In this new world, magnetic disks provide high-capacity, inexpensive storage and
bandwidth—cold storage and archive. Flash disks provide nonvolatile storage for hot
and warm data. Flash may also be used within disk drives to buffer writes and to provide
safe write caching. In this new world, disks look much more like tapes, and flash disks
fill the direct-access block storage role traditionally filled by magnetic disks. Flash is a
better disk (more IOPS, 10 times less latency), however, and disk is a better tape (no
rewind, mount times measured in milliseconds). Flash cost per gigabyte is far below the
disk prices of five years ago, and disk cost per gigabyte is far better than tape when one
considers the total system cost (readers, software, and operations). Thus, these changes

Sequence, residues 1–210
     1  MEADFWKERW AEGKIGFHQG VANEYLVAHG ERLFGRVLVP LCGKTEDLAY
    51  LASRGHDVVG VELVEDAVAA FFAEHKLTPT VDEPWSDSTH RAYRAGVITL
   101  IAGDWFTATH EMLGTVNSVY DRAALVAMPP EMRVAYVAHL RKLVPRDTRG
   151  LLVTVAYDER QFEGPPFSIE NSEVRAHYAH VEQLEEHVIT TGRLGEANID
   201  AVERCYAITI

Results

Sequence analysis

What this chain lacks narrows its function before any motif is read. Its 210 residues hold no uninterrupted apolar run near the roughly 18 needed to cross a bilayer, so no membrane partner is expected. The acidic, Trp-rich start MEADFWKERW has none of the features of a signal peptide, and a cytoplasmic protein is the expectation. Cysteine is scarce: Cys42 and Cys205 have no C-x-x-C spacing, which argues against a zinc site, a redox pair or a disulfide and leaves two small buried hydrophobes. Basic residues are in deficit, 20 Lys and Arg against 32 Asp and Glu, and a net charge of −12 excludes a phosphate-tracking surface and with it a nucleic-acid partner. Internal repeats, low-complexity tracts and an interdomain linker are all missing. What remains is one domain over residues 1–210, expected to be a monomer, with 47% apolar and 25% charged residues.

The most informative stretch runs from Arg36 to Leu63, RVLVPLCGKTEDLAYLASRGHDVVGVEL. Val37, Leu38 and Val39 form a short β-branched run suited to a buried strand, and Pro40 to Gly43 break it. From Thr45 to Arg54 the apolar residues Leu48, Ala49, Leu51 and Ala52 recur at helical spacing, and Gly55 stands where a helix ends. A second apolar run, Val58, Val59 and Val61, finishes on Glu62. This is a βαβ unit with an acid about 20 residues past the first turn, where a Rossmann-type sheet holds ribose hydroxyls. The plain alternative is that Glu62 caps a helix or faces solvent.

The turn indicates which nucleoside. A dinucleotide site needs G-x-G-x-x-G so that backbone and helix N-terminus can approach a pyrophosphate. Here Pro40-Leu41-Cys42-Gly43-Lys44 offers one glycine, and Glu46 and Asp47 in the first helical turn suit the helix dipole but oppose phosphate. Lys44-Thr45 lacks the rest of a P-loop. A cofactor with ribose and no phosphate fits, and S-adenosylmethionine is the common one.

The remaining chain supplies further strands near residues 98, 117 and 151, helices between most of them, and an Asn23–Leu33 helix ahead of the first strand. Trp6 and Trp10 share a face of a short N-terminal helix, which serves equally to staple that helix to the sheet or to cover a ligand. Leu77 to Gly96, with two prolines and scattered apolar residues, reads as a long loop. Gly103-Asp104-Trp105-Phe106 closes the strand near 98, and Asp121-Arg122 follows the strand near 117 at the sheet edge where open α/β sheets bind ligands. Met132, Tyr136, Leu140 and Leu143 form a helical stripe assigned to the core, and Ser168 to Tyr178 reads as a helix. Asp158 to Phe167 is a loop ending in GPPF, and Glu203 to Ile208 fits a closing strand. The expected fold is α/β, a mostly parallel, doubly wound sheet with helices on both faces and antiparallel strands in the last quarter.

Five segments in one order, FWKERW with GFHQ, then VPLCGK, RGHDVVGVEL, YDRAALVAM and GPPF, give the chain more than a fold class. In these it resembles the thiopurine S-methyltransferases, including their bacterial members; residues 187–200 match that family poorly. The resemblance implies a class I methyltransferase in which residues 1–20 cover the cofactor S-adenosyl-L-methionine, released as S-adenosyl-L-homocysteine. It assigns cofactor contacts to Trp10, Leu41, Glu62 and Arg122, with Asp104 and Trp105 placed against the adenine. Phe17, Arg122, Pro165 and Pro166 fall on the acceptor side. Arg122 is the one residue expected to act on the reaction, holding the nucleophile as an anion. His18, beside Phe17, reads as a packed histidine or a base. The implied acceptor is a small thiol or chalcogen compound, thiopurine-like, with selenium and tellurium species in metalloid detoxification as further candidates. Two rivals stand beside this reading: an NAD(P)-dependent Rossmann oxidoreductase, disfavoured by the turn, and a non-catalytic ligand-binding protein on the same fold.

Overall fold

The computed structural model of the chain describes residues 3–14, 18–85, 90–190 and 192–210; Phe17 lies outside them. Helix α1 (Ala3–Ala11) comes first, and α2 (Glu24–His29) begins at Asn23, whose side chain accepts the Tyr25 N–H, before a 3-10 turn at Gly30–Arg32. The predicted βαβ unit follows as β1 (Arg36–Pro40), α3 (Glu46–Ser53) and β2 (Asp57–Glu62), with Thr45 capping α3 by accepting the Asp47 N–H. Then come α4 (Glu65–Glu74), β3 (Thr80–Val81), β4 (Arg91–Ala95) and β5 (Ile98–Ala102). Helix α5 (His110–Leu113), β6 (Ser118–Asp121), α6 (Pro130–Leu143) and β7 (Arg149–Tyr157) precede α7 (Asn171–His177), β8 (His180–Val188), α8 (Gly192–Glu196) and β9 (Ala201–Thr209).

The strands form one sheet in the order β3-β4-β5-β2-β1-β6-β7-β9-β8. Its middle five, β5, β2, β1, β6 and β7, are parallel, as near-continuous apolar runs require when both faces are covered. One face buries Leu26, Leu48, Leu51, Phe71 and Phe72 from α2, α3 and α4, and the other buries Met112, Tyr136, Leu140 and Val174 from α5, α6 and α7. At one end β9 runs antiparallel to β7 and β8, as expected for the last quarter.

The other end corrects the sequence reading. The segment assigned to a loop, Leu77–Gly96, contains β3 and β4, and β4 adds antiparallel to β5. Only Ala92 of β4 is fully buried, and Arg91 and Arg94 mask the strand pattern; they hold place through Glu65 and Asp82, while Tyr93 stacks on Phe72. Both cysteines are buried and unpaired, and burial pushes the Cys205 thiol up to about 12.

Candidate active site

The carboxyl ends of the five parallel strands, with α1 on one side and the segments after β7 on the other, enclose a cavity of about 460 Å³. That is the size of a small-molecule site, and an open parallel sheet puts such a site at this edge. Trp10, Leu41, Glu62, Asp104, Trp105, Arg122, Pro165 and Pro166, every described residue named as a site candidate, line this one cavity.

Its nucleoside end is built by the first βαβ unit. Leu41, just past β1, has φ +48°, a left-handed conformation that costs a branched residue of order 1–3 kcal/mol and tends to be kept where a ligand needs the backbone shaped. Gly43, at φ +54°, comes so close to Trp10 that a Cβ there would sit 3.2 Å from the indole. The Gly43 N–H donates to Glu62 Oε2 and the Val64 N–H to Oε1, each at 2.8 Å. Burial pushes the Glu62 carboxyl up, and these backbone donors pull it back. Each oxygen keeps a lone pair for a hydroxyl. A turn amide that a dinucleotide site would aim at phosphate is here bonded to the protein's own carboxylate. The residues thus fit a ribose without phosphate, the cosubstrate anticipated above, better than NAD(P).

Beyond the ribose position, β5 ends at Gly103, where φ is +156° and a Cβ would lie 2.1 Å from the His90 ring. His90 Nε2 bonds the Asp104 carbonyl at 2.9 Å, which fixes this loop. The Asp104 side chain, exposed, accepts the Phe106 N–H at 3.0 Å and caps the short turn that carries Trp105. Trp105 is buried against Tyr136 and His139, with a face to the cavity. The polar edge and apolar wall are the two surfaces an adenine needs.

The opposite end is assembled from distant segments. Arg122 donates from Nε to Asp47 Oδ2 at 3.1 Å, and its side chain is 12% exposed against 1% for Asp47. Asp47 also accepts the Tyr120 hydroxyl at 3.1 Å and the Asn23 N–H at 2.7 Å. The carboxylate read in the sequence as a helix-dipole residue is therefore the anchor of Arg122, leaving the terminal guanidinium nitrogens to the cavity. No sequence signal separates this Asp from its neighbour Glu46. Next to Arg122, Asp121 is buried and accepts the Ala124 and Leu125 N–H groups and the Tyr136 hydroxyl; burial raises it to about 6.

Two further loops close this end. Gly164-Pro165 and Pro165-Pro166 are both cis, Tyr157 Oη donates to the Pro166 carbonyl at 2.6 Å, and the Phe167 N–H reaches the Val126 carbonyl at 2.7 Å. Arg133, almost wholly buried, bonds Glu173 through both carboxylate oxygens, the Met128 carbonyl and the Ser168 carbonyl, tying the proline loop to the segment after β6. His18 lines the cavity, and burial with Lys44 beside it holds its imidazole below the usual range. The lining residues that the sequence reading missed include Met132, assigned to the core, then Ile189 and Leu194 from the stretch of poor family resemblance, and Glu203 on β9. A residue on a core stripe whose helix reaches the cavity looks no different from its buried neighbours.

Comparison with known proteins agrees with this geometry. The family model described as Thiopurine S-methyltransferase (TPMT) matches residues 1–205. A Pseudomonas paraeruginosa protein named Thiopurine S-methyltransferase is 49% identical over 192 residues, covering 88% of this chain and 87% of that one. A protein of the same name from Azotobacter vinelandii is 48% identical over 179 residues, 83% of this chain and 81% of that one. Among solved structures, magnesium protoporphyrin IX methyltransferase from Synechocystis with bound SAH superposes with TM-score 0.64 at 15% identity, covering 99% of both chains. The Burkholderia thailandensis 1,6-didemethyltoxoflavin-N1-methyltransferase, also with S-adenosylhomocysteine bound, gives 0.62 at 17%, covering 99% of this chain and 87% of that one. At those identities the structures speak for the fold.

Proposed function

are very welcome. Q
1. Hwang, C. 2003. Nanotechnology enables a new memory growth model.
Proceedings of the IEEE 91( 11): 1765-1771; http://ieeexplore.ieee.org/Xplore/login.jsp?url=/
2. This Web site ( http://www.dvnation.com/nand-flash-ssd.html) had a PQI flash disk
for $1,800. The marginal cost is about $20 per gigabyte for flash today, so this device
might be had for about $600, comparable to the price of a 15,000-RPM SCSI disk.
3. Zushman, J. 2006. Hard drives go flash: Samsung Flash SSD. Tom’s Hardware; http://
4. Nath, S., Kansal, A. Flash DB: Dynamic self-tuning database for NAND flash. Microsoft
Research Technical Report MSR-TR-2006-168; ftp://ftp.research.microsoft.com/pub/tr/
5. Birrell, A., Isard, M., Thacker, C., Wobber, T. 2005. A design for high-performance
flash disks. Microsoft Research Technical Report MSR-TR-2005-176; ftp://ftp.research.
6. See reference 5.
7. See reference 5.
This article was prepared with help from Aaron Dietrich, Dennis Fetterly, James
Hamilton, and Chuck Thacker.
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